Also take care with windows and glare cast onto your screen from a natural light source. This will force you to squint, increasing eye strain.
- Consider anti glare/blue light glasses or an anti glare screen filter.
The glasses below come in a set of three and are available in Amazon. They are very affordable and block out the blue light from your screen – which is supposed to reduce headaches and eyestrain.
- A simple one, but it might just help – try enlarging your standard text size on your screen – especially if you deal with a lot of text heavy documents.
(Whilst this may sound like something that doesn’t apply to you, you might not struggle at all to read text on a computer – it is more of a preemptive measure to help reduce eye strain if you’re staring at documents for hours and hours a day.)
- Build a small stack of books to act as a base to sit your computer monitor on. This helped me, as my Mac one day decided to fall forward (the tilt adjust mechanism had given up), which meant the I was having to look down at the screen quite significantly.
Think about your posture and where your feet are positioned when sitting at your desk.
If any of your limbs are scrunched up, your legs are crossed or your feet are tucked underneath your chair, you are probably not helping your circulation.
If you’re like me, (short!) you might have a problem with your feet touching the floor. Mine dangle and the only way they can be flat on the floor is to have the chair at its lowest setting.
(But then the chair is too low to sit at a desk.)
There is a solution – you can put something underneath your feet, to fix your posture.
There are specific products made, to do this job for you. Like the one below.
This HUANUO cushion is an affordable solution to a common problem. It has a soft outer layer, for extra comfort when you’re sitting at a desk all day.
The key thing for me about this foot rest cushion is that it is customisable, it is made up of two cushion pieces so can be raised or lowered.
It can also be used upside down, giving you to option to have a sort of ‘rocking’ footrest to enable you to do some easy ankle exercises whilst working without trying too hard.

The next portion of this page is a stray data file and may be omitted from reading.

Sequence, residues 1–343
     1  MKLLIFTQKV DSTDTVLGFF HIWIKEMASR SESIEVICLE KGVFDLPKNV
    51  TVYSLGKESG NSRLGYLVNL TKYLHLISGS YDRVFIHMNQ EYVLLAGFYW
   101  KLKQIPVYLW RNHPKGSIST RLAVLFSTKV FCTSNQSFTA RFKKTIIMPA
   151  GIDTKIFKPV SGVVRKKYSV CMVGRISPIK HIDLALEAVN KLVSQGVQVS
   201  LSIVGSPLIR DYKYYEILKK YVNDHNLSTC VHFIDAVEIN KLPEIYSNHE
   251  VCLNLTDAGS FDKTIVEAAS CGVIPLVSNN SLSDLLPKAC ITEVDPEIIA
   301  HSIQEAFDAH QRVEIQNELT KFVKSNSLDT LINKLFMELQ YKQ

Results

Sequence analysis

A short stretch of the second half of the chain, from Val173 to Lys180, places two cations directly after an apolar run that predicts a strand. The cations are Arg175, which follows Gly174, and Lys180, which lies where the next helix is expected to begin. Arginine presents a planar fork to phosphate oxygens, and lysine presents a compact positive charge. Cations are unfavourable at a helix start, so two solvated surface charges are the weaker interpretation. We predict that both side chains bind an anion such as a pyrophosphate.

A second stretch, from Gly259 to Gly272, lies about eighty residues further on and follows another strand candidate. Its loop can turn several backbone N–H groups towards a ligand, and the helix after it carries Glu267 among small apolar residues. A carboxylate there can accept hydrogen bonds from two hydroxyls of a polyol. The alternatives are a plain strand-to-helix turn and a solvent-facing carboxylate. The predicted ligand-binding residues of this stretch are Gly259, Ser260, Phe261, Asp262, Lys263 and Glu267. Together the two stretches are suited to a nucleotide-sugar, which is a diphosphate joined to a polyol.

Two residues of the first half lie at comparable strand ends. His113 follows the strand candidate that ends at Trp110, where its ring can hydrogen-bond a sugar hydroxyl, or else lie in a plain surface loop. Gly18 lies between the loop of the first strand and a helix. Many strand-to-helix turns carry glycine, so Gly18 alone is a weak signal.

(Also good for improving circulation.)
Homemade / Free Footrest Ideas:
- I don’t own a footrest cushion, (I probably should!) but I improvised by shoving a storage box file underneath our desk. It is about 3 inches tall and provides a higher flat surface to rest my feet on.
- You could use a stack of large books, or a storage tub upside down.
- If you want something softer, you could roll up a blanket into a sausage.
- For a proper DIY project, use some old bits of wood, create a little raised step by nailing or screwing the bits of wood together.
Take care to try and get it as flat and level as you possible can though! You could finish it off nicely using some fabric you can find around the house and some wadding from an old cushion.
Get crafty with a hot glue gun or a staple gun to attach, and admire your homemade handy footrest.
I hope some of these ideas may give you some inspiration for how to make your office chair more comfortable.
If you’re not in a position to be buying a new chair, the keep trying different things, through trial and error you might find a great solution.
The worst thing that you can do is to do nothing and put up with being uncomfortable.
Remember to look at your posture in different areas and think about how to create a nice relaxed, supported back and how to stop yourself from sitting hunched forward or crossing your legs.